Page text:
The Mexican government's account of the abduction and apparent massacre of 43 students last year does not add up, a team of international experts said on Sunday, citing deep flaws in the investigation and rejecting the claim that they were incinerated in a garbage dump.
The case of the missing 43 students caused an international outcry after they were abducted in the city of Iguala in southwest Mexico on Sept. 26.
The government's failure to capture the killers or even persuade Mexicans that its investigation was serious has hit President Enrique Pena Nieto's reputation, and the report on Sunday was certain to put more pressure on him.
Commissioned by the Inter-American Commission on Human Rights (IACHR), it blasts holes in the government's central claim that the students were burned to ashes in the nearby town of Cocula.
"There is no evidence that supports the hypothesis, based on testimonies, that 43 bodies were cremated in the municipal dump of Cocula on September 27, 2014," said the authors, who include respected investigators from Chile, Colombia, Guatemala and Spain and based their findings on independent expert analysis.
"We're convinced that the 43 students were not burned in the Cocula municipal dump."
So far, only one of the missing students has been identified from the badly charred remains found at the dump.
Pena Nieto's government says the students were abducted by corrupt local police, working in league with a local drug gang, who confused the students with members of a rival gang.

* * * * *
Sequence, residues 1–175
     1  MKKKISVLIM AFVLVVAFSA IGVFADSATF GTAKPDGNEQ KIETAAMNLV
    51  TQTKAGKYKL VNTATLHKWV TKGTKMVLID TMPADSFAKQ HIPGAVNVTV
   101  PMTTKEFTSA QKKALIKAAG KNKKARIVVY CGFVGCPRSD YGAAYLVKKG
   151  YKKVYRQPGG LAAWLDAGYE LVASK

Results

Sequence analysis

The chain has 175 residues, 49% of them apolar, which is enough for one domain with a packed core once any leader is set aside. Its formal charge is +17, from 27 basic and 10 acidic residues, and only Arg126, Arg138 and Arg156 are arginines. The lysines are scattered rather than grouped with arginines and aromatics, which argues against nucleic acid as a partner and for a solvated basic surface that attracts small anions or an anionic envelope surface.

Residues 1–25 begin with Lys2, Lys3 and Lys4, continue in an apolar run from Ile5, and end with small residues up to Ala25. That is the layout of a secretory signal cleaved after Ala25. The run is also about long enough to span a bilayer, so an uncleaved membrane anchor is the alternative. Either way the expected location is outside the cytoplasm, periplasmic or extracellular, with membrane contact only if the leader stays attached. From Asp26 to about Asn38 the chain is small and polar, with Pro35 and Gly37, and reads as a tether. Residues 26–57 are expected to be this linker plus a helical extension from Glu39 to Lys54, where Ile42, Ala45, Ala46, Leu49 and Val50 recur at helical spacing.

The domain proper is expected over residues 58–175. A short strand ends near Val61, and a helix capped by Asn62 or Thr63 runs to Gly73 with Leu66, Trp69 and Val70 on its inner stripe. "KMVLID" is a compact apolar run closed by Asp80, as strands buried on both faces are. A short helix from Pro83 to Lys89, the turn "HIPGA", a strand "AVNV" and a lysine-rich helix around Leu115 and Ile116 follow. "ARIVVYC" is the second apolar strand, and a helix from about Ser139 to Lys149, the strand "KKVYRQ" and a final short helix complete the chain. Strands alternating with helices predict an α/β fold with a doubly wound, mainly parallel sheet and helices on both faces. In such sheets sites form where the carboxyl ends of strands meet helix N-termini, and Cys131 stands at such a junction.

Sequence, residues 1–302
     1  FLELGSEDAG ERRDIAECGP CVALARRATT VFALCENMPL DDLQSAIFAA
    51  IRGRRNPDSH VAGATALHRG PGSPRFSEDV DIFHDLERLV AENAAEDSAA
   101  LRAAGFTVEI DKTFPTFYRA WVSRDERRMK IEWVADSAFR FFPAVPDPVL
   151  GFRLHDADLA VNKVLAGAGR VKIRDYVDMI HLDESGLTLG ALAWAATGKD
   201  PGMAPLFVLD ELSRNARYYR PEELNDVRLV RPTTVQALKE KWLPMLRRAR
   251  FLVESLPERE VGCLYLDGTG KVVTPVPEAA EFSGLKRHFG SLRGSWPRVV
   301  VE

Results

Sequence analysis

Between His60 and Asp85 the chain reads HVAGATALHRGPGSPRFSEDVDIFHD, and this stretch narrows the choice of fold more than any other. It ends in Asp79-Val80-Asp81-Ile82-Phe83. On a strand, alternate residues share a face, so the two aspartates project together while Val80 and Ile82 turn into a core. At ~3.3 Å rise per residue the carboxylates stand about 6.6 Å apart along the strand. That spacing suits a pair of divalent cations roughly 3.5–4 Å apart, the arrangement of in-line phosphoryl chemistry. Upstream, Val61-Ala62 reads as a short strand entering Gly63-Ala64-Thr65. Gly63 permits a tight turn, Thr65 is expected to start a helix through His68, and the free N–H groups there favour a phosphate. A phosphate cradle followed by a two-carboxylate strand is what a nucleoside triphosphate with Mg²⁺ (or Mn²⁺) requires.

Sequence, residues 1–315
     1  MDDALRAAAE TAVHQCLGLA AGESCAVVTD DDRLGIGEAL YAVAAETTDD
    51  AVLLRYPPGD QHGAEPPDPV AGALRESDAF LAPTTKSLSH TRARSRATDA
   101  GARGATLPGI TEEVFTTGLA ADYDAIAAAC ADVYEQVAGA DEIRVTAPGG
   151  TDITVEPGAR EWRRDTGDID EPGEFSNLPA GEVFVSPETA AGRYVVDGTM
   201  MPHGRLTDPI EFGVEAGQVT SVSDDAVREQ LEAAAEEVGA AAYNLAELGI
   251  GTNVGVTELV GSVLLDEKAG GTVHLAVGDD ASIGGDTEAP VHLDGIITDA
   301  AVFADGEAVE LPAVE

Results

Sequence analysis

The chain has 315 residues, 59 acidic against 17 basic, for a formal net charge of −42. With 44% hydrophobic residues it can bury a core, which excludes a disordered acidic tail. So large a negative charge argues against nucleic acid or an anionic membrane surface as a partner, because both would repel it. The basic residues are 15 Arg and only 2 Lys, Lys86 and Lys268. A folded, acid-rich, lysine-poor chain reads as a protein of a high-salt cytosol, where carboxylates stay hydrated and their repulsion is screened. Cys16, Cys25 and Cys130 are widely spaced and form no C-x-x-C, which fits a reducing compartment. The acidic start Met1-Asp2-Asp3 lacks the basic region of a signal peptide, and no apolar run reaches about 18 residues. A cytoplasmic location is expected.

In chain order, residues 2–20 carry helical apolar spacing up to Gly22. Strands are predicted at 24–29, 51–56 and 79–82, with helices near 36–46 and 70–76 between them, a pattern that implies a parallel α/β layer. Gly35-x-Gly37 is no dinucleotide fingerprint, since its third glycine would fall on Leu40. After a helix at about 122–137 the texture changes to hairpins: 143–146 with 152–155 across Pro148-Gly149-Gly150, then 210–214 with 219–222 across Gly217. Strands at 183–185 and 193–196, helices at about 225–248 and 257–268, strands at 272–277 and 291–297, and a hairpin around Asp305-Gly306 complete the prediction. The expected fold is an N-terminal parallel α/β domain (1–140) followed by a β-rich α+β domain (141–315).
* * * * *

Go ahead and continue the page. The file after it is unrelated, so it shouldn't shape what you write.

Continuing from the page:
Citing confessions of the alleged perpetrators, it says the police then handed them over to members of the local cartel, known as "Guerreros Unidos" (United Warriors), who took them to the local dump and incinerated them.
A Reuters report published this week showed the government probe was plagued by a litany of errors, and that key parts may need to be redone.
Mexico's attorney general's office did not immediately respond to request for comment on Sunday.
The IACHR report, which does not identify where the 43 students might be, and can only speculate on the motive for their disappearance, found that much of what happened on the night of Sept. 26 is still unknown. But it does suggest avenues for closer investigation.
It flags the fact that missing evidence includes a bus seen on security camera footage from the night of the attack. The students commandeered several buses that night and local police opened fire on them.
The authors suggested the missing bus may have been carrying a shipment of cash or drugs, citing the fact that prosecutors in Chicago found that the Guerreros Unidos group transports heroin from Iguala to the United States in secret bus compartments.
They say the issue should be investigated, and may be the motive for the attack.
The IACHR experts conducted dozens of interviews with detainees and witnesses, and examined the possible role of an army battalion located only a few blocks from where most of the students are believed to have been abducted.
The team was denied interviews, however, with 26 soldiers who had contact with the students that night.